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The brain and the nervous system are obviously very critical components to your health, as the brain controls and connects all areas of the body, and the nervous system comprises the main communication pathways within all of your body.
When brain health is superior, all other areas of your health — especially your hormonal balance — will function better.
But more importantly, a healthier brain means better, more intelligent thinking, along with a happier mood and general well-being with greater enjoyment of life.
The brain is the primary controller of everything in your body, and while there are other “brains” in your body (like the gut brain, or the heart brain), the one in your head is the master regulator. Because of this, there is an interplay between your brain receiving information from the other parts of your body and then sending signals based on that feedback.
One great example is your pituitary gland, which controls almost all of the hormones in your body based on the signals your brain receives about its internal and external environment.
When stress and inflammation are high in the body, the pituitary gets these signals and naturally lowers production of the hormones involved in growth and maintenance, in order to direct more energy towards surviving and overcoming the immediate threat. Proper pituitary function is critical for health, but this involves reduction of stress and inflammation so that it gets the appropriate signals.READ MORE: Cognitive Enhancers: How to Use Nootropics To Supercharge Your Brain
In addition, the pineal gland is also critical for controlling states of consciousness that allow your body and mind to work together to allow you to experience the world in a certain way. For example, the pineal gland produces the melatonin that regulates your body’s circadian rhythm and sleep patterns.
In addition to all of this, the nervous system is the main way the body quickly communicates with itself. Similar to how your brain sends an electrical signal to tell a muscle to contract, your brain is sending electrical signals all over the body to unify all the different parts of the body into one coherent organism.
The health of your brain and nervous system comes down to many factors, but the overarching, big picture is based around the neurotransmitters serotonin and dopamine. We briefly talked about serotonin before and how it acts more like the “hibernation hormone” rather than the “happy hormone”, and its action in the brain and body is to slow things down and prevent your body from overextending itself.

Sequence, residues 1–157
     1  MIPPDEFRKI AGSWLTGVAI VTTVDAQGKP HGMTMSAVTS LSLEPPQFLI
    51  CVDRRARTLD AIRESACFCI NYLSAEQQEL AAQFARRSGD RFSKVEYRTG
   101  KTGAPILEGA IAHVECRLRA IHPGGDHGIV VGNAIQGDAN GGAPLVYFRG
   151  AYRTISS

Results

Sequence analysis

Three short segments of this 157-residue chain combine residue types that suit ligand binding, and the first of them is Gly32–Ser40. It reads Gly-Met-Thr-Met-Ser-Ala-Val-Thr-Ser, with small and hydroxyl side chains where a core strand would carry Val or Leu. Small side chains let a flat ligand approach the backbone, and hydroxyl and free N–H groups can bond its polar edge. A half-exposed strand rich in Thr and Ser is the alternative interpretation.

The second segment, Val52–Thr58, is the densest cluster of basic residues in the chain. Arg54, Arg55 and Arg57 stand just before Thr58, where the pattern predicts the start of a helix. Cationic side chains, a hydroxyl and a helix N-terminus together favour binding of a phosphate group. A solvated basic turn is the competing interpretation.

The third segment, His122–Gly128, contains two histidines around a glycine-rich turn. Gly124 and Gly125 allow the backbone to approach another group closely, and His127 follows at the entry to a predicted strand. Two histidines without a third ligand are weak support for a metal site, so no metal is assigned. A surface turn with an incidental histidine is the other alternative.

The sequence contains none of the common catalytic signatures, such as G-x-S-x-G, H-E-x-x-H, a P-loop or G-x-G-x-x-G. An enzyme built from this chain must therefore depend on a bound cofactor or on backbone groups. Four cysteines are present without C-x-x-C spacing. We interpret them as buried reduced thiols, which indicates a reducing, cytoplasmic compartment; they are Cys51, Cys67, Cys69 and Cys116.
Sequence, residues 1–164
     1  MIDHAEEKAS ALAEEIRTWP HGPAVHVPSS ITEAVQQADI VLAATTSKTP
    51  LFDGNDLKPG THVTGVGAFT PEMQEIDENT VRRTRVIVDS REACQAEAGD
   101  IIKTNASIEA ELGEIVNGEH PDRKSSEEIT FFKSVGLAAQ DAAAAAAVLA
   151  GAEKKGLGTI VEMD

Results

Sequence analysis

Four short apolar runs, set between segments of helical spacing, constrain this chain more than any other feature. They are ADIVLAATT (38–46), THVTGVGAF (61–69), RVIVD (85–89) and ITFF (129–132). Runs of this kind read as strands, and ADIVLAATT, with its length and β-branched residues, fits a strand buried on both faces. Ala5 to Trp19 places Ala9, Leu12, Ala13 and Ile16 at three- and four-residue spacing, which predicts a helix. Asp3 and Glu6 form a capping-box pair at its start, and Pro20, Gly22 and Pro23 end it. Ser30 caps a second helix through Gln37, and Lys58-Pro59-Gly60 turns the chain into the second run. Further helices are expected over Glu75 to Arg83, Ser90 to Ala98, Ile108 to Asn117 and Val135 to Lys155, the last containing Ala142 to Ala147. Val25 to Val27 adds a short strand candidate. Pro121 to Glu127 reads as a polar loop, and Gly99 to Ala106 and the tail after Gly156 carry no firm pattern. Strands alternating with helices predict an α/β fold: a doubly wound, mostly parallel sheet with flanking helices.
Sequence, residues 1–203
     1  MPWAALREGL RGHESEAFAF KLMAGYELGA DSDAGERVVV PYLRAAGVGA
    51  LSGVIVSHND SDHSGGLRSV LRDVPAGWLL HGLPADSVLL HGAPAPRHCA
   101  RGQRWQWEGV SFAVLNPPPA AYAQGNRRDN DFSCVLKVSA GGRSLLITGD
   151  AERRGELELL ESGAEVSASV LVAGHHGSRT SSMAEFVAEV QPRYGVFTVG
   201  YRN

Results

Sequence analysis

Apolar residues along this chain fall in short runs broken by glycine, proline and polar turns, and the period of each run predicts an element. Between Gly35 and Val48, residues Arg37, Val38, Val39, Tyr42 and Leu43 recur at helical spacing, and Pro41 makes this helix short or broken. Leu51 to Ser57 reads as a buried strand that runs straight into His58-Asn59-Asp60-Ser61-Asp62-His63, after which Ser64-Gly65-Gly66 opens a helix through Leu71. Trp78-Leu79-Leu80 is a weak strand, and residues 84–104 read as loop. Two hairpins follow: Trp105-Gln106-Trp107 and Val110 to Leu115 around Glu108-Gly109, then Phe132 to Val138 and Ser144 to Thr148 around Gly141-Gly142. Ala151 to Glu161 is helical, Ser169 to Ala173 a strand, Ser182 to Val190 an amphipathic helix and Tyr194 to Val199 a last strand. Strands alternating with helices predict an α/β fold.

It pushes the body more towards the hibernation state — the low energy, inhibition state — and the “play it safe and follow the rules” mentality (aka the authoritarian/learned helplessness state).
On the other hand, dopamine signals energy production to speed up and is elevated when the body is in a healthy state. It motivates us and drives us to act, rather than sleep, as it excites cells into higher states and creates the “explore and seek reward” behavior (aka the “awakened” state).
On a practical level, this means we want to steer our bodies’ away from food and lifestyles that promote excessive serotonin, and instead, move more towards the dopamine state. This is where protein foods with specific amino acid profiles shine, especially foods like bone broth and collagen or gelatin.
These foods contain higher amounts of anti-inflammatory amino acids like glycine, proline and alanine and contain very low amounts of the inflammatory amino acids tryptophan, cysteine and methionine (of which tryptophan is the precursor to serotonin). This helps to reduce the production of serotonin, while simultaneously reducing stress levels and inflammation.
In addition, dopaminergic supplements like dopa mucuna can help to increase dopamine, and even dark chocolate has been shown to keep dopamine levels high. Since dark chocolate is one of the foods highest in polyphenols, it’s a good idea to include it in your regular diet.
To help push your brain more towards the dopamine state, in conjunction with generally reducing stress, you want to ensure adequate consumption of carbohydrates. The brain prefers to run on glucose, and certain parts of it actually can’t run on anything but glucose.
There is evidence that ketones are easily used by the brain, and while this is true, getting into a natural state of high ketones in your body (a state called “ketosis) is a huge stressor to your body, as adrenaline and cortisol rise to prevent glucose from being burned. However, by consuming sources of medium-chain fats (which easily get converted into ketones), like coconut oil, or by supplementing with exogenous ketones, you can achieve the benefits for your brain while continuing to consume a high-carb diet.
In addition to this, it’s important to get enough choline in your diet, which your body can convert into a compound called “phosphatidylcholine,” an important nutrient for brain and cognitive function. You can also supplement with Alpha GPC or CDP choline, which are forms of choline that specifically improve brain function. Another similar compound is phosphatidylserine, or PS, which is abundant in the brain and also helps with overall brain health and stress reduction.
Finally, the practice of meditation — focusing on your breath and quieting your mind — has many benefits not only for the physical health of your brain but also for your experience of the world and ability to focus. Similar to how exercise trains your muscles to be stronger, meditation trains your control over thoughts and allows you to experience more of life than you are able to when too many thoughts are cluttering your experience.